*A longer version of this article first appeared in The Jamestown Foundation's Terrorism Monitor, Volume VIII, Issue 44 - December 2, 2010.
When commentators analyze Salafism, it is crucial to distinguish between mainstream Salafism and the kind of revolutionary Salafism promoted by al-Qaeda. To do otherwise is to lump together peaceful communities and violent revolutionary jihadists. This distinction has become increasingly important over the last few years as mainstream Salafism has emerged as an important counter to the ideology of violent jihadist groups often pledged to follow al-Qaeda. Both Egypt and Saudi Arabia, the wellsprings of both versions of Salafism, have established programs to reunite revolutionary jihadists with the Sunni Muslim mainstream in their respective countries. In the war of ideas both programs have already been successful in educating the Muslim public about the way contemporary violent jihadists have deviated from the tradition they claim to be following. We may have further opportunities to judge the efficacy of these programs because they seem to be spreading. In 2006 Libyan authorities began discussions about the meaning of jihad in Islam conducted by Muslim scholars with incarcerated members of al-Jama‘a al-Islamiyah al-Muqatilah bi Libya (Libyan Islamic Fighting Group - LIFG), known for its ties to al-Qaeda. These discussions led to the 2009 release of some of its older members from prison. The distinguishing characteristic of the members who were released was their renunciation of violence in a document that became known as al-Muraja‘at (“the Revisions”). The Revisions did not change the ultimate goals of these men; rather the document used arguments based on Islamic law to demonstrate that the violent overthrow of Arab and Muslim governments is illegitimate.  On November 16, 2010 pan-Arab daily Dar al-Hayat reported on a movement in three Algerian prisons among adherents of “Salafist jihad” to re-examine the use of violence. If successful, the article suggests, this tentative step in the direction of disarmament might be looking at the LIFG’s renunciation as a model. It is important to note, however, that without strong security operations as leverage, programs leading to revisions would be extremely unlikely, if not impossible.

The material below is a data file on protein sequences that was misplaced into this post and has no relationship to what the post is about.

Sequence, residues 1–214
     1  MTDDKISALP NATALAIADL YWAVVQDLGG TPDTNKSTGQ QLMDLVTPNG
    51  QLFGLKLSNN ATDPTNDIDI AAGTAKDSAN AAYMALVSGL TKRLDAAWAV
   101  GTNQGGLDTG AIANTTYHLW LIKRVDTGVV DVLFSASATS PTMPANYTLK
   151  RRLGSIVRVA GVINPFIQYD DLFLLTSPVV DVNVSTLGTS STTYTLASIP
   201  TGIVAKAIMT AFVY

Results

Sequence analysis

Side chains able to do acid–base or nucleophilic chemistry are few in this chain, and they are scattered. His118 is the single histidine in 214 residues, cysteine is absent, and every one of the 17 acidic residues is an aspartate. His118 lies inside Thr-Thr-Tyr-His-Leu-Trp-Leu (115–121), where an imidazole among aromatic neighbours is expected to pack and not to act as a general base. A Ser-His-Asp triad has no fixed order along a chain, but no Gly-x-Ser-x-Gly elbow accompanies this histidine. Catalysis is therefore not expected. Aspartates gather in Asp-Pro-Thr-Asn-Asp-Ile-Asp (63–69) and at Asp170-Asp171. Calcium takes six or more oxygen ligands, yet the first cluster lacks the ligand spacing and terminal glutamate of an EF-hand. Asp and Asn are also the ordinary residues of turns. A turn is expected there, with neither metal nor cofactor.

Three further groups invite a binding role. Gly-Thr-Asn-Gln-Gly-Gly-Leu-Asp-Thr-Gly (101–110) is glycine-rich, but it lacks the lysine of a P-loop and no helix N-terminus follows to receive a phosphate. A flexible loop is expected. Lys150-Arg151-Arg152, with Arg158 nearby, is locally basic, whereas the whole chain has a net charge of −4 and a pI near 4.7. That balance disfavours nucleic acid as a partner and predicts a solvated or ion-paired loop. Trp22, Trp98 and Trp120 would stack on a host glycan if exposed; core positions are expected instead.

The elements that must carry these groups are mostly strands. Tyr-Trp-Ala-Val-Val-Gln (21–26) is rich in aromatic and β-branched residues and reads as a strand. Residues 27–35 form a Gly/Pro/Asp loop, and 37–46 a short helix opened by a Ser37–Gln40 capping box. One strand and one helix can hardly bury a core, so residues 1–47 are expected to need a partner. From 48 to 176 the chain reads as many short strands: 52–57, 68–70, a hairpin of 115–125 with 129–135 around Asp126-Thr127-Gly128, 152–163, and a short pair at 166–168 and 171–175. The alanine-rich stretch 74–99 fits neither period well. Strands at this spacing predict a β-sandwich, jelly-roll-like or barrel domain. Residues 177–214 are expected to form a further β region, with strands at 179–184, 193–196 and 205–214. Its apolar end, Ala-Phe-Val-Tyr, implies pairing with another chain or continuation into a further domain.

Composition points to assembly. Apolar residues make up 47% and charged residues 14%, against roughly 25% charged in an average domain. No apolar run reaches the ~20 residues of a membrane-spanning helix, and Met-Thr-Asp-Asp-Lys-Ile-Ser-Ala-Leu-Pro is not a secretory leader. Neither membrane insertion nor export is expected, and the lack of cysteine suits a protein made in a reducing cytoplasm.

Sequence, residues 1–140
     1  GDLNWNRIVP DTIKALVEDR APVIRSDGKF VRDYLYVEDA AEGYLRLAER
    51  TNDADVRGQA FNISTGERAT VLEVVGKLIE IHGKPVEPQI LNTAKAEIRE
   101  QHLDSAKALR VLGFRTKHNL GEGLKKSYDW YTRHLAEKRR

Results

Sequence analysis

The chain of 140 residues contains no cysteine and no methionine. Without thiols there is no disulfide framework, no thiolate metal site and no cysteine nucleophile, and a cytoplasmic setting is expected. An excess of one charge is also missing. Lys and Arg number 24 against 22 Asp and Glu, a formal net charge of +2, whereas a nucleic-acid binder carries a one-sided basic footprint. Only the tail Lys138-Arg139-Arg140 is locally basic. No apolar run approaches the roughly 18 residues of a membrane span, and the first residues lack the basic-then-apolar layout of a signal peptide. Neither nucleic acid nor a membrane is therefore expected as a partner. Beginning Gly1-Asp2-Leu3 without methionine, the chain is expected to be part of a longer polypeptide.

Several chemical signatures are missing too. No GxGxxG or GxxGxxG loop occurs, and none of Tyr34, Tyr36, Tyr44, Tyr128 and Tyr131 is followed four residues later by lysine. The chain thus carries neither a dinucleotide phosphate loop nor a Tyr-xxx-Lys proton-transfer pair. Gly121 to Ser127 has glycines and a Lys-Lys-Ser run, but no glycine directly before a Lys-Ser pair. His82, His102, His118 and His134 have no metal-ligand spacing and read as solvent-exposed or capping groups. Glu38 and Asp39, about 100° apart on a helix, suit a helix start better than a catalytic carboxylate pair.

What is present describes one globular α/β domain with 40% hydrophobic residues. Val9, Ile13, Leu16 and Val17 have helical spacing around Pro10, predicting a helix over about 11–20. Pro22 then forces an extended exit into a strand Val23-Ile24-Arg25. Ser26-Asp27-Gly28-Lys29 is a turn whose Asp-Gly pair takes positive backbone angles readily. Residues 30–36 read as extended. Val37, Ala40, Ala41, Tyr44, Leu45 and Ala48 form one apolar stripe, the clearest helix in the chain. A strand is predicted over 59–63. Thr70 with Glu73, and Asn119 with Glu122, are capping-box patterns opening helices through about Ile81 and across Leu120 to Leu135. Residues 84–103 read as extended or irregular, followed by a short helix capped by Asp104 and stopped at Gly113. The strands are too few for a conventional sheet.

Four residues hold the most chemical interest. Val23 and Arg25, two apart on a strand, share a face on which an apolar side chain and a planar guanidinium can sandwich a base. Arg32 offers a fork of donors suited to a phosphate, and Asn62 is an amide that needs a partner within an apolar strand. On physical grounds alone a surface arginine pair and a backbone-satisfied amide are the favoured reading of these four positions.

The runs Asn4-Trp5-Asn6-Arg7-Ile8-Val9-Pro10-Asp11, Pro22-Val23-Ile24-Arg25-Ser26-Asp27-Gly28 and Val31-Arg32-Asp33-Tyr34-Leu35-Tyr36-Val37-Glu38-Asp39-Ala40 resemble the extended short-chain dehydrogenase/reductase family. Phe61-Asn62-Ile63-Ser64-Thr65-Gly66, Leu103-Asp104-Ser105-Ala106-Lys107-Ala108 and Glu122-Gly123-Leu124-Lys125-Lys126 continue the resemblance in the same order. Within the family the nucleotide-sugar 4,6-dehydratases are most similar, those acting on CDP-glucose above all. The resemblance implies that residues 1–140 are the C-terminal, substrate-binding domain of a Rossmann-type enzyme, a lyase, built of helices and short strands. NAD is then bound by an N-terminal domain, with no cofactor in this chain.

Towards a Definitions of Salafism
Salafism spreads a very broad tent. Trying to frame a definition that captures all who call themselves Salafist is bound to be inaccurate to some extent. Salafism is a Sunni movement that entails adherence to the example of the earliest generations of Islamic predecessors, the salaf. Strict Salafists insist that Islamic law, the Shari‛ah, must be based on the Holy Qur‛an and the traditions of the Prophet Muhammad alone, although Salafists also argue that issues not settled in the sacred traditions may be addressed using human reason. Salafists generally reject those traditions that evolved after the Salaf as innovations and therefore forbidden. This results in many Salafists opposing Shi‛ism and often taking a dark view of Sufism, the mystical tradition in Islam.. Salafist scholars of all stripes look to the great fourteenth century religious scholar Ibn Taymiyya for inspiration. Salafism as a theological position, however, does not require taking any specific political position.